Author: Amy Clipston
Release date: March 10th 2011
Genre: Contemporary YA; romance
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Emily Curtis is used to dealing with her problems while under the hood of an old Chevy, but when her mom dies, Emily's world seems shaken beyond repair. Driven from home by hospital bills they can't pay, Emily and her dad move in with his wealthy sister, who intends to make her niece more feminine---in other words, just like Whitney, Emily's perfect cousin. But when Emily hears the engine of a 1970 Dodge Challenger, and sees the cute gearhead, Zander, next door, things seem to be looking up. But even working alongside Zander can't completely fix the hole in Emily's life. Ever since her mom died, Emily hasn't been able to pray, and no one---not even Zander---seems to understand. But sometimes the help you need can come from the person you least expect.My rating: 3 out of 5 stars
I ordered Roadside Assistance about half a year ago. I thought it would be about a road trip (don't ask me why - I guess it was just the title), and grief and romance. (I know, I really need to work on actually reading the synopsis carefully before getting excited about books.) Somehow, I completely missed the 'Emily hasn't been able to pray'-part of the description. And then the book arrived. I took a look at the back of the book, where there's an 'About the Author' section, and saw that Amy Clipston is an Amish author who writes Christian fiction. I re-read the description and noticed the religion-aspect. And then I put it straight to the bottom of my TBR-pile.
I'm sorry, but I don't usually like books focusing on religion. I feel bad about it, but knowing Roadside Assistance is Christian fiction made me dismiss it pretty quickly; I didn't want to read it anymore. I figured it was going to be preachy, about how God will help you no matter what, blah blah blah. But this summer, I'm trying to read all those books that have been on my TBR-pile forever, so I gave Roadside Assistance a try anyways. And it was better than I'd thought it would be!
I didn't mind the religion aspect as much as I'd thought I would. Emily struggles with faith and isn't sure whether she believes anymore, and since the book is written entirely from her POV, that storyline is very easy to relate to. Sure, there are a lot of characters in the book that are preachy and pushy about their beliefs, but those are always described along with Emily's skepticism. Emily's personal struggle with religion turned out to be interesting to read about.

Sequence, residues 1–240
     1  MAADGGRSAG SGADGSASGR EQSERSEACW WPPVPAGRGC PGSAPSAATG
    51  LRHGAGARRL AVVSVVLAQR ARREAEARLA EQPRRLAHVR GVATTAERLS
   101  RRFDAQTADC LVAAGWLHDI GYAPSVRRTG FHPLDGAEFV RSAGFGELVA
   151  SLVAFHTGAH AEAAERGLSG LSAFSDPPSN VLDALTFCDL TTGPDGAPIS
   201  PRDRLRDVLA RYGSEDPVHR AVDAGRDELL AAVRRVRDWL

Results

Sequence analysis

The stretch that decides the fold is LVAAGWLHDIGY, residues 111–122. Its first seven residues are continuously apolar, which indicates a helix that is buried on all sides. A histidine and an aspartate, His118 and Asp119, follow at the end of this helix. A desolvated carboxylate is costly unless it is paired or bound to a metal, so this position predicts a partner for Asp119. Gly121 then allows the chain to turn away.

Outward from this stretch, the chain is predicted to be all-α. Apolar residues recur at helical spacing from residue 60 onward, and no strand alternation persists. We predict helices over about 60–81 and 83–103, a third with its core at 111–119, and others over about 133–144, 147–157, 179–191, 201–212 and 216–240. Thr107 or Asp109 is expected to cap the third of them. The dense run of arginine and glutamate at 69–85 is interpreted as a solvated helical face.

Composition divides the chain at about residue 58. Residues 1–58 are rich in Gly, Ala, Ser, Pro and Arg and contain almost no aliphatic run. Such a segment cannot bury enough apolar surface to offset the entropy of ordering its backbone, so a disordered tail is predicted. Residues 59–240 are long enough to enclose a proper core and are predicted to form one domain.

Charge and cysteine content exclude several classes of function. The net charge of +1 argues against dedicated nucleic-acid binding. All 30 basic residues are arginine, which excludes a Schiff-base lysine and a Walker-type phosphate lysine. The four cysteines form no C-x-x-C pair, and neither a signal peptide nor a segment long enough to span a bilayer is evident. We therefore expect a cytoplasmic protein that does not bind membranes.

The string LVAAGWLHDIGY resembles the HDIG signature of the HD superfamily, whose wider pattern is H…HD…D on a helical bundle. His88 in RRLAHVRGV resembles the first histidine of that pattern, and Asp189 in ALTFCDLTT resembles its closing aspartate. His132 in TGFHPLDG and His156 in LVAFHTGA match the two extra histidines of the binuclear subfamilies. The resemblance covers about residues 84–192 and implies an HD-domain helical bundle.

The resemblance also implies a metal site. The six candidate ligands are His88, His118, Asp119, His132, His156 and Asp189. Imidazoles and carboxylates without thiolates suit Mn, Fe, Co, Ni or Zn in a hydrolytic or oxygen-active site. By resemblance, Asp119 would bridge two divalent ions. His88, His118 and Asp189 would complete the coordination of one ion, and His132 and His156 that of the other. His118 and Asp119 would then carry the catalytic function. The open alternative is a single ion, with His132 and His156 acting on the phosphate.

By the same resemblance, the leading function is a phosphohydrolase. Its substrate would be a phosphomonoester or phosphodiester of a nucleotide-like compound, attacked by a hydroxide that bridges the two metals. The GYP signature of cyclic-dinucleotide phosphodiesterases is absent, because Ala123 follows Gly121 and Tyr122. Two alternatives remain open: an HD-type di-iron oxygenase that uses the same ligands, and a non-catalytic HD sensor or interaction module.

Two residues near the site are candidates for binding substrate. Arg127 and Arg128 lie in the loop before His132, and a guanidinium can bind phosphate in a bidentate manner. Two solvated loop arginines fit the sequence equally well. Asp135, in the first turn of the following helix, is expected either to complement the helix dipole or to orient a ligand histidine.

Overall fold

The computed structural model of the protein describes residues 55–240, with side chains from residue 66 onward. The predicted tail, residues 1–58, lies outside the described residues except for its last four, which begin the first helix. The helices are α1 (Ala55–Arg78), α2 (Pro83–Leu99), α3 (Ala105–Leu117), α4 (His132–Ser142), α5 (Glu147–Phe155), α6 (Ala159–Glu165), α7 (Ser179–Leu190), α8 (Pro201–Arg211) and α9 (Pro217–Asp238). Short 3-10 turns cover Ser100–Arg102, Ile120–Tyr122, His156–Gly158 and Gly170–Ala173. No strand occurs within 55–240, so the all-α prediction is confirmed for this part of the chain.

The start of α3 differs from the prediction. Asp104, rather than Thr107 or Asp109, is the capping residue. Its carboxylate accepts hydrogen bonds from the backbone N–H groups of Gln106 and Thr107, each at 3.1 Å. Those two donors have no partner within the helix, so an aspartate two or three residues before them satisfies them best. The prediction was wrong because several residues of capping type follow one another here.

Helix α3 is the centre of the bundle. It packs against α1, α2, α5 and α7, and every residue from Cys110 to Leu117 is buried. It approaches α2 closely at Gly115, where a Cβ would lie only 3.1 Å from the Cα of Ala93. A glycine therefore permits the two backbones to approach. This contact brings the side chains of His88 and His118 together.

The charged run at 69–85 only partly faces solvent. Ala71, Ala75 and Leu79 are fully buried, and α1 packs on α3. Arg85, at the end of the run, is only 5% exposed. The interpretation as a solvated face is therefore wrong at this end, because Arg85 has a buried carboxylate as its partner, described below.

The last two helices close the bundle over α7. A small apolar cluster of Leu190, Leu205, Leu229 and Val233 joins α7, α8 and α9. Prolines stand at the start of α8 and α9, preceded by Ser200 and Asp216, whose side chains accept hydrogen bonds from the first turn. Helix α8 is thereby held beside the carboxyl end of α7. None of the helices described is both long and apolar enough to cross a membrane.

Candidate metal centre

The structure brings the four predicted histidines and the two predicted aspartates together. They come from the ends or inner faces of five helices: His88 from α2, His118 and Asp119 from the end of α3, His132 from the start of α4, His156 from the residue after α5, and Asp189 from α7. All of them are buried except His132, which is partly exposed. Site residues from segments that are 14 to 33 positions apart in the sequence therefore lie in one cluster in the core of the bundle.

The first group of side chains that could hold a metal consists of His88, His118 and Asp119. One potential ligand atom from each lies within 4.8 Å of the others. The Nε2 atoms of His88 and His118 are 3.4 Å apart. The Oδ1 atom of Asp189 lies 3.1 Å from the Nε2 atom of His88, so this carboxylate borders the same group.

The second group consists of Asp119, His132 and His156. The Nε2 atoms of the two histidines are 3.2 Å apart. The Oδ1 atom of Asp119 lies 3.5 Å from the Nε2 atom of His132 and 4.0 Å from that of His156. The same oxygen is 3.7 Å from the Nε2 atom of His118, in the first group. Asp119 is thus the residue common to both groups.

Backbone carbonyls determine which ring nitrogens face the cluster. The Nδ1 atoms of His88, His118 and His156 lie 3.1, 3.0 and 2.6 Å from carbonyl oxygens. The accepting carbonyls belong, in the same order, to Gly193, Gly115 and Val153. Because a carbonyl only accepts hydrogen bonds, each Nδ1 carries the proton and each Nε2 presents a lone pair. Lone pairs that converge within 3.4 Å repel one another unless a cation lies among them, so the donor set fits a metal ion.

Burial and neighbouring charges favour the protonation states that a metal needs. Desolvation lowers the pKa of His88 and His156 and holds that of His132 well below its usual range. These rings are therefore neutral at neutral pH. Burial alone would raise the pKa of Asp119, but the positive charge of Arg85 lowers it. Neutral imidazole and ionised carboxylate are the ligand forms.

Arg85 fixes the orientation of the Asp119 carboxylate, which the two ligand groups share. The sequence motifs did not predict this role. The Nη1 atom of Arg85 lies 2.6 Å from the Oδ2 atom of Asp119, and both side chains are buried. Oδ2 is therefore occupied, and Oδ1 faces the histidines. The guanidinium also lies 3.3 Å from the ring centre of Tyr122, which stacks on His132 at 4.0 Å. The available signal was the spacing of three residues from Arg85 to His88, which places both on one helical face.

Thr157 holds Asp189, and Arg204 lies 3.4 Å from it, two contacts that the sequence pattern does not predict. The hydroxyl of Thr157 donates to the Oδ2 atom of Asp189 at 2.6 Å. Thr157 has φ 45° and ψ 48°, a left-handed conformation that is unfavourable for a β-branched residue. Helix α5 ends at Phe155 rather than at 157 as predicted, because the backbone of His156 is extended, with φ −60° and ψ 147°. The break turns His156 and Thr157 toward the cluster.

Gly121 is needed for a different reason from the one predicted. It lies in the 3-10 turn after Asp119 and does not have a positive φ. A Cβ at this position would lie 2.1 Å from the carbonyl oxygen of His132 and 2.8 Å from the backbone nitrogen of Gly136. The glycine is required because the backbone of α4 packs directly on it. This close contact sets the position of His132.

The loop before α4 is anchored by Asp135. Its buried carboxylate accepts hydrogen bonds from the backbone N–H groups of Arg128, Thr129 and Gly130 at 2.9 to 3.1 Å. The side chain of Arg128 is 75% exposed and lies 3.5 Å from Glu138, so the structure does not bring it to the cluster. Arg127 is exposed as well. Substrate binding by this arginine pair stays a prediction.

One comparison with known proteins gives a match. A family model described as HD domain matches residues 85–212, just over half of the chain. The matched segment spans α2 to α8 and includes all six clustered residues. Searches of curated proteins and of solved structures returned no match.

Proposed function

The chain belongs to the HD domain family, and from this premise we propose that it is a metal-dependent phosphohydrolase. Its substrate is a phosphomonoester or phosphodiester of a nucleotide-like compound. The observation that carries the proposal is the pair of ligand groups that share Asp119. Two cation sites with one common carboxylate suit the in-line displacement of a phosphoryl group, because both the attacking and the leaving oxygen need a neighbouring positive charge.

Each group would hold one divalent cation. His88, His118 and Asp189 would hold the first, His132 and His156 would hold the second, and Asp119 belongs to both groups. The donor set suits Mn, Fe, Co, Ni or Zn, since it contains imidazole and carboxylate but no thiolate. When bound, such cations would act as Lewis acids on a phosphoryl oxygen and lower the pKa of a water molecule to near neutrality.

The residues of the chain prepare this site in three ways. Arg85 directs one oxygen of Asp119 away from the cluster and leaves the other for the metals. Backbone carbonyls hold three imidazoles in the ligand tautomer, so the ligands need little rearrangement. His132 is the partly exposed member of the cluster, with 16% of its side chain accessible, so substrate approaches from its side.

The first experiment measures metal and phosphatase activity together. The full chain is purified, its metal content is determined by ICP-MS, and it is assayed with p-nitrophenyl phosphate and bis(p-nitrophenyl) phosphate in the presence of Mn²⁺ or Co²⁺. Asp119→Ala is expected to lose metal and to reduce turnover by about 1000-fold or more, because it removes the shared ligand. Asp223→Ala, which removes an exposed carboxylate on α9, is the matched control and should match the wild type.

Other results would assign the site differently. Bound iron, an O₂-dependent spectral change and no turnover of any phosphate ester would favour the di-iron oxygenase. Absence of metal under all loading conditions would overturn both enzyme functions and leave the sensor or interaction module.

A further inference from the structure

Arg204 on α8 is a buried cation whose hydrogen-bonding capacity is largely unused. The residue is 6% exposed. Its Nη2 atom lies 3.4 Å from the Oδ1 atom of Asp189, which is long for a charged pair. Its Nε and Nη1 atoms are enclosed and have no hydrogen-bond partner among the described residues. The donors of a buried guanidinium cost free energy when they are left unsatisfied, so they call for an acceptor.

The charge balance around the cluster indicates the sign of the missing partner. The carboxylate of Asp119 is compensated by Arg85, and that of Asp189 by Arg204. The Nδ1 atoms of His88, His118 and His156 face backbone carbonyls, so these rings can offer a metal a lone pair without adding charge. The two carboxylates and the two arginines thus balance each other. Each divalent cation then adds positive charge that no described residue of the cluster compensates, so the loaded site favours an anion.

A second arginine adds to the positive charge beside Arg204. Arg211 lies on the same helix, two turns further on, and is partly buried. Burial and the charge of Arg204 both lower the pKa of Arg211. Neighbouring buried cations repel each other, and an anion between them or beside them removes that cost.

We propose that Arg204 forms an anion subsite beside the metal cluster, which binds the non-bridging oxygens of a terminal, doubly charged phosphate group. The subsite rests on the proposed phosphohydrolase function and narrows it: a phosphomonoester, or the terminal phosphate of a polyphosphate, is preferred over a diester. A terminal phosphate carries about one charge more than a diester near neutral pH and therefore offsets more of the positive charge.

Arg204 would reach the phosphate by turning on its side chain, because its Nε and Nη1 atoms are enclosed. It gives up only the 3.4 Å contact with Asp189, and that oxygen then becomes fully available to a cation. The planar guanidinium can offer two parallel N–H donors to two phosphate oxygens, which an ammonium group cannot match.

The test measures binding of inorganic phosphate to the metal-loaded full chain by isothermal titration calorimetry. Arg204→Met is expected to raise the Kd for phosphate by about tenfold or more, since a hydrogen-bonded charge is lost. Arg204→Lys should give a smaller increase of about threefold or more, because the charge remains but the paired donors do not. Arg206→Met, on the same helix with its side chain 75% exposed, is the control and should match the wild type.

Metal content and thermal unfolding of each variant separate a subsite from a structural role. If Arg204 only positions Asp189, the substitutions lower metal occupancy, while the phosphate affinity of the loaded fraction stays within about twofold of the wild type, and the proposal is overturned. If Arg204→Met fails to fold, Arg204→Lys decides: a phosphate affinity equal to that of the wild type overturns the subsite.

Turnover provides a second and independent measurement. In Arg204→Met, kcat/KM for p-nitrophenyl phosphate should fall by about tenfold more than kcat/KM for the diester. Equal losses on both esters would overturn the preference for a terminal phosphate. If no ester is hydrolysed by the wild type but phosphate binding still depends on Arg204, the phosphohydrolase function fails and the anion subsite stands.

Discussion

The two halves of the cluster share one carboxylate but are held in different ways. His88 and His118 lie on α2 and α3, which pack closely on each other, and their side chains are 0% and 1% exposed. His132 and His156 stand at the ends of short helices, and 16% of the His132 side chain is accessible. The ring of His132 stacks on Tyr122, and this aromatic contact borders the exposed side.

But still, I found Roadside Assistance a little too preachy. The overall message is definitely preachy, even if the MC isn't sure she believes. It just bugged me a bit how every single character in the book is Christian, and there are no other worldviews represented. It seemed a little too convenient that every single character told her to trust God. The message, saying God is everything you need and will get you through anything... I'm sorry, I don't want to start a discussion on religion or anything, but messages like 'trust in God, and all your problems will go away' just don't sit right with me.
Sorry for going off about religion there; this book does have other storylines, too! So, the characters. I started out liking Emily - like I said, I could relate to her in the religion-aspect, and I like that she's somewhat of a tomboy. There are not enough tomboy-ish girls in YA! I really like how unique she is and spends most of her time fixing cars (even if it's something I'm not exactly interested in myself). I had some problems with her, too, though. The whole she-doesn't-know-how-beautiful-she-is aspect is a little overdone, in my opinion. Emily's melodramatic whining bugged me - every one around her is trying to be helpful, and she just can't see it. That's resolved towards the end, though, so I guess it works.
The secondary characters are good, except the already mentioned lack of religious diversity. I really liked Whitney and getting to know her, looking under the surface. I liked Emily's dad, too - I always love reading about a healthy relationship between the MC and her parents. Then there's Zander. The romance is pretty good. I found it a little too convenient in the beginning; of course there's a boy living next door who happens to be totally into cars and also happens to like Emily right away. But except for the predictable set-up, I did like reading about Emily and Zander's relationship - they're definitely cute together.
I know my review sounds pretty negative, but I really did enjoy Roadside Assistance. I didn't love it, because of my issues with the way religion is handled, and because of some parts of the plot that seemed contrived, but it's not a bad book. It's a nice story of grief and letting go. If you think you won't mind the religion-aspect, I recommend you give this book a chance, but if preaching bugs you a lot, Roadside Assistance probably isn't for you.
What do you think of religious books? Do you steer clear of books dealing with religion, or do you enjoy authors trying to tackle this issue?